I It is now about thirty-five years since Mrs. displaying the beautiful corpse to his

Van Butchell diei; and the singular m de friends and visitors. A second marriage, employed for che preservaciun of her body some years afterwards, is said to have ocby her affecti pate husband, occasioned the casioned some little family difference, on following Epi aph to be writen by tlie which occasion a reference being made tu Jate sir George Baker. This gentleman's the deceased lady, it is supposes that it was classical attainments are so renowner, that found expedie i to remove the preserved whatever has been written by him, the body, which ocher wire might have been in pul lic will beeiger to possess; and we be existence in MT. Van Burchell's parlour ac lieve this is the first time the lines now this day. It is unnecessary to cominent Tintesi, hav- been offered from the press. upon the elegance of the latinity ; this It will be perhaps interesting to most pere will be duly appreciated by scholars of sons, and necessary for many, to have stited taste.] the accouni of the y reservation of Mr. Van

I'N RELIQUIAS Buti heil's lady. On her death taking

MIRIÆ VAN BUTCHELL, place, he applied to Dr. Hunter to exert his skili in preventing, if possible, the

Novo miraculo conservatas chang's of form usual after the cessation

Er a moriro suo superstite of lite Accoruingly the doctor, assisted Culiu quot.diano udoralas. by the late Mr. Crickshank, injected the Hic exsors tumuli jacet blood vessels with a coloured Mu.d, so that Uxor Martini Vanbutchell; the minure red vessel, oi the cheeks and

Integra omnino et incorrupta : lips were files, a d exhibited their native Viri sui amantissimi hue; and the body. in general, having 11 Des derium woul, et deliciæ; the cuvit'es filled with antiseptic:ubsiances, Quam, gravi morbo vitiatam it renaine pertectly irie Iron corruption, Co suinitamque tontein ionyâ morte, or any unpleitnant smell, or as it meiely in In hunc, quem carnis, nitorem, a state of sleep. But tu resemble the In hanc speciem, et colorem, viventis, app aia ce urie, klass eyes were also in

Ab indecora putredine vindicavit, The curpse was ihen deposited in Frustra repum nauce aturâ, a bed oi thi.. pasie of plaisfer oi Paris, in Varegregiis uulielmus Hunterus; a box or suficient oimensions, which sub Arlincii prius incantati Bequ nt's crystallised, anú produced a pica. Invenioiive.s), 40 perfector. sing elec. A curtain corcred the glass

O tortunatum martum! lid of the box which is uld 5: withdrawn

Cui incet dies nociesque totas at plea ure; and woich box being kept in

Tenerx asside re conjug!, the common paliou, Mr. Vin Buliliell has the sadnication of retaining his de:

Nun talis nodo superstiti; parted wie for many years, frequently

Scd, quod mirabilius, MONTHLY MAG. No. 202.


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WHEN first, as ancient bards bave sung,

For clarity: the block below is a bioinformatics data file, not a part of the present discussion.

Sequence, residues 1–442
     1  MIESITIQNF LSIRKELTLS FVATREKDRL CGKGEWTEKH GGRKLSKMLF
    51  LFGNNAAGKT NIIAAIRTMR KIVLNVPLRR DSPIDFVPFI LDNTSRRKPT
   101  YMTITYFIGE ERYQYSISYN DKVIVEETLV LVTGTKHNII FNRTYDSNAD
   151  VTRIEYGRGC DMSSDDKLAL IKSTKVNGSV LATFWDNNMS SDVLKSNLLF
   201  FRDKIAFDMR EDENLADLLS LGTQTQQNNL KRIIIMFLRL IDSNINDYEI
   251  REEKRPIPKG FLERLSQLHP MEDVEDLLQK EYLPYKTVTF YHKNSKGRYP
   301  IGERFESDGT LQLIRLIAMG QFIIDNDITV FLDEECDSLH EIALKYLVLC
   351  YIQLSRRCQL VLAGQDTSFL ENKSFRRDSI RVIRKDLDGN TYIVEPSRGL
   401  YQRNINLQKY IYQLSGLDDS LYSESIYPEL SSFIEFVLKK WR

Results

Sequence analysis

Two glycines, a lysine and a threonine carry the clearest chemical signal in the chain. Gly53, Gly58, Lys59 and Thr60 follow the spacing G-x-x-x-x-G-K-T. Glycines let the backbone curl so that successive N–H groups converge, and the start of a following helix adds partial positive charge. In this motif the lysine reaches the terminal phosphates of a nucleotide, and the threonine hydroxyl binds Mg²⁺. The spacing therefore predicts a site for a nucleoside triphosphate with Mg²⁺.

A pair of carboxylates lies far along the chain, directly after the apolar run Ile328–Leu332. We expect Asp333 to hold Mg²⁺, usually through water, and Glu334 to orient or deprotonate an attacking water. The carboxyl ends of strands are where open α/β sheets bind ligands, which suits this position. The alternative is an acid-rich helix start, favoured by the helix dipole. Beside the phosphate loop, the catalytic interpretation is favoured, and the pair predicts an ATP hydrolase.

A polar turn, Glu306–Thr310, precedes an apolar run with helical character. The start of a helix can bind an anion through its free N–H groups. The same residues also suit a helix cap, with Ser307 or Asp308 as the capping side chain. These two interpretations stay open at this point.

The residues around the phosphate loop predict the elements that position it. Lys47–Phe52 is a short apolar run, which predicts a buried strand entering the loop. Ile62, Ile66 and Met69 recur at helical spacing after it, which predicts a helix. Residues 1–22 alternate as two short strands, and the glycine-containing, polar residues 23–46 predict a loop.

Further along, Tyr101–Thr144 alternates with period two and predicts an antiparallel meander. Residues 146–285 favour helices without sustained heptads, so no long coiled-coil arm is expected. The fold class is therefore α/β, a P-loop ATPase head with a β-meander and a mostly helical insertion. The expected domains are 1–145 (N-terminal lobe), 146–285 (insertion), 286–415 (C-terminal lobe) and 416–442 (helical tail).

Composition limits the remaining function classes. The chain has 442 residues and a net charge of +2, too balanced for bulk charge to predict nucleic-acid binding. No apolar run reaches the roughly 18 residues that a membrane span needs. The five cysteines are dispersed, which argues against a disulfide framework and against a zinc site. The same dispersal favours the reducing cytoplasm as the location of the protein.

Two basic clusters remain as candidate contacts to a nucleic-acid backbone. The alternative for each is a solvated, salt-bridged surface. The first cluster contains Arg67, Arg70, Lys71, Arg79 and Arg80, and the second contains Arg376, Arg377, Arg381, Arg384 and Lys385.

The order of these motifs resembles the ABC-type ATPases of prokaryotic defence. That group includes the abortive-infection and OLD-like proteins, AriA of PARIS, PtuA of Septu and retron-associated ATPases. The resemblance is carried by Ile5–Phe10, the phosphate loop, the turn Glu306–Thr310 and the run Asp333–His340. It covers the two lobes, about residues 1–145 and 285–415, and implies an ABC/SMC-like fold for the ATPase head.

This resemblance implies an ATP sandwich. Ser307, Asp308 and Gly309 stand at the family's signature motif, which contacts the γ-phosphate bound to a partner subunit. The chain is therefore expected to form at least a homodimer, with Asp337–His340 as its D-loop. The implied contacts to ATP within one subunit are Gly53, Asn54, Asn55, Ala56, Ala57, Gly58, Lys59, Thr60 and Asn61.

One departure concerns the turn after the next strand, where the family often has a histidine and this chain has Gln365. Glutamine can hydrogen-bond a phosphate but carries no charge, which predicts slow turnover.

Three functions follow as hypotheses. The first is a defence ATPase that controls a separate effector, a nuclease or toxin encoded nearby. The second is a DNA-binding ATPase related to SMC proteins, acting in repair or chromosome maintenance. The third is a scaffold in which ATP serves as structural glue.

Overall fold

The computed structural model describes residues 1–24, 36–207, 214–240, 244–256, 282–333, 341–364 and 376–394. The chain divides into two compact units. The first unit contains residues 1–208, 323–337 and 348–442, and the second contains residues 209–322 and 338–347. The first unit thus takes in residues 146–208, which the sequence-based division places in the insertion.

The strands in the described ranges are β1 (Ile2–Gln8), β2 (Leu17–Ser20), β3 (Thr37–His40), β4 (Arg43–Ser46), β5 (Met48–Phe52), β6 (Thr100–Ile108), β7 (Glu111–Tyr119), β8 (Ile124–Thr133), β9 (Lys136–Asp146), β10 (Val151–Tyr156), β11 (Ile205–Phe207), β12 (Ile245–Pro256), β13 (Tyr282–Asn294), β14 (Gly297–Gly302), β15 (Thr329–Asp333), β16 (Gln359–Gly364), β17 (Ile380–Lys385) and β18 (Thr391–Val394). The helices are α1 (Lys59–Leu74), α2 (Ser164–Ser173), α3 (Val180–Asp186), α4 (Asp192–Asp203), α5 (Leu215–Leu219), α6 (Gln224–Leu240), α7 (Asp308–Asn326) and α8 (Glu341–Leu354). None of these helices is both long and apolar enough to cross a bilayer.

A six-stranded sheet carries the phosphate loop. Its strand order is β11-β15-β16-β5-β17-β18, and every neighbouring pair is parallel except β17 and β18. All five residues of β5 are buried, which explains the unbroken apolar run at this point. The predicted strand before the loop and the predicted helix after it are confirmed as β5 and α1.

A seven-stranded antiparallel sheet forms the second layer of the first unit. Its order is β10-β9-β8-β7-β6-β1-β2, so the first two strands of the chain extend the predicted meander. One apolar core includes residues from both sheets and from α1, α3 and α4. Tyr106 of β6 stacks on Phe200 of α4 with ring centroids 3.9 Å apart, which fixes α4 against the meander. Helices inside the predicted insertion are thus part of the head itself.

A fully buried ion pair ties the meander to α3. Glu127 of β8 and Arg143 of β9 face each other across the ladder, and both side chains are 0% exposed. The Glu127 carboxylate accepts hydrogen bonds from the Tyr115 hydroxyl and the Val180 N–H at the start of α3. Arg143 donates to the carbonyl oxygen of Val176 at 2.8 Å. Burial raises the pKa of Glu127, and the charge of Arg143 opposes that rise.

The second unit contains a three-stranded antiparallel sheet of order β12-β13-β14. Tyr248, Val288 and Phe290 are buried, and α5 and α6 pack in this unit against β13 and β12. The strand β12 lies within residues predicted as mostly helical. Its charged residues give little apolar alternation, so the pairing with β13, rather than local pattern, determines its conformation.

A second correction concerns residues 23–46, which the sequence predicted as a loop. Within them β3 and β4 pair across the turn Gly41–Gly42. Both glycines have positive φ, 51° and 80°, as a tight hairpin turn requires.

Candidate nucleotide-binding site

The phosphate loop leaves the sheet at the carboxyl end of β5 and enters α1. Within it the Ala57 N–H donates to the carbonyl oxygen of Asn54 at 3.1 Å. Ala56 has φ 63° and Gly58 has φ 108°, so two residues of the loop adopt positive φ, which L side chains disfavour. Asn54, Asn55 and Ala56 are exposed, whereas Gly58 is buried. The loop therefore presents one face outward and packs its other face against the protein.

The queen of love from ocean sprung; To grace her head, to deck her bow'rs,

The earth produc'd the queen of flow'rs; Coëval, and congenial charms, With the same living blush that warms Her mantling cheek, thy petal glows; Emblem of Venus, beauteous Rose. The raptur'd gods her form survey'd, Reclin'd beneath a myrtle's shade; Whose boughs, of ever during green, Thy new-born blossoms smil'd between, Mark! whilst thy prototype they greet, And spread their chaplets at her feet; Mix'd with the myrtle's polish'd leaves, Flora a gayer garland weaves; Cull'd from thy blooming buds most fair, To decorate her silken hair; It's glossy ringlets they entwine, Yet humid from the sparkling brine; And, as the lovely locks they meet, To form a symbol more complete ; Lo! crisped curis their heads adorn, Wet with the glitt'ring dews of morn; O ! flow'r, with peerless gifts elate, Like Venus form’d to captivate ; Her dazzling influence round thee flows : Fav'rite of Flora ! Mossy Rose ! Now Bacchus gathers from the ground, The purple gems his brows that crown'd; And now a roseate branch he crops, Then bat bes the sprigs with ruby drops, Distilling from the nect'reous vine; And bids them with iis clusters twine; Thus, thus we find the Damask Rose, The ruddy flush of Bacchus shows. To seize the trophies of the bush, Next, see the god of battles rush! As from the trembling tree he tears His sternly.smiling forehead bears Their tender stems. Oh, taste too fierce! The vengeful thorns his temples pierce! And with his blood, the flow’rs retain Th’entwisting laurel's sanguine stain: Sweet spoil of Mars, the Blool-red Rose, Array'd in deep-dy'd crimson grows. The festive deities convene, While Phiçbus smiles upon the scene;

Who, till his sister rules the hours,
Loii'ring amid Love's rosy bow'rs,
Each flow'r with ardent gaze inspects ;
And all admires, yet none selects:
But waits till she shall fix her choice,
And hails her with fraternal voice :
At length, withdrawn his piercing lights
Envelop'd in the shades of night,
Wit, and convivial dance round,
And Harniony's sweet songs resound;
Till 'whelim'd in bacchanalian roar,
Alas! her voice is hear no more:
See jealous Ciamour! Uproar wild !
Where lately Pe.ce, with Pleasure smilid:
Thistórighted nymphi from earth is driv'n,
And fies, or trumbling wings to Heav'n!
Pale Dian, peeping froin ihe woods,
Eyes the bright goddess of the foods,
With hait-avertes looks askance;
Asham'd to meet her wanton glance :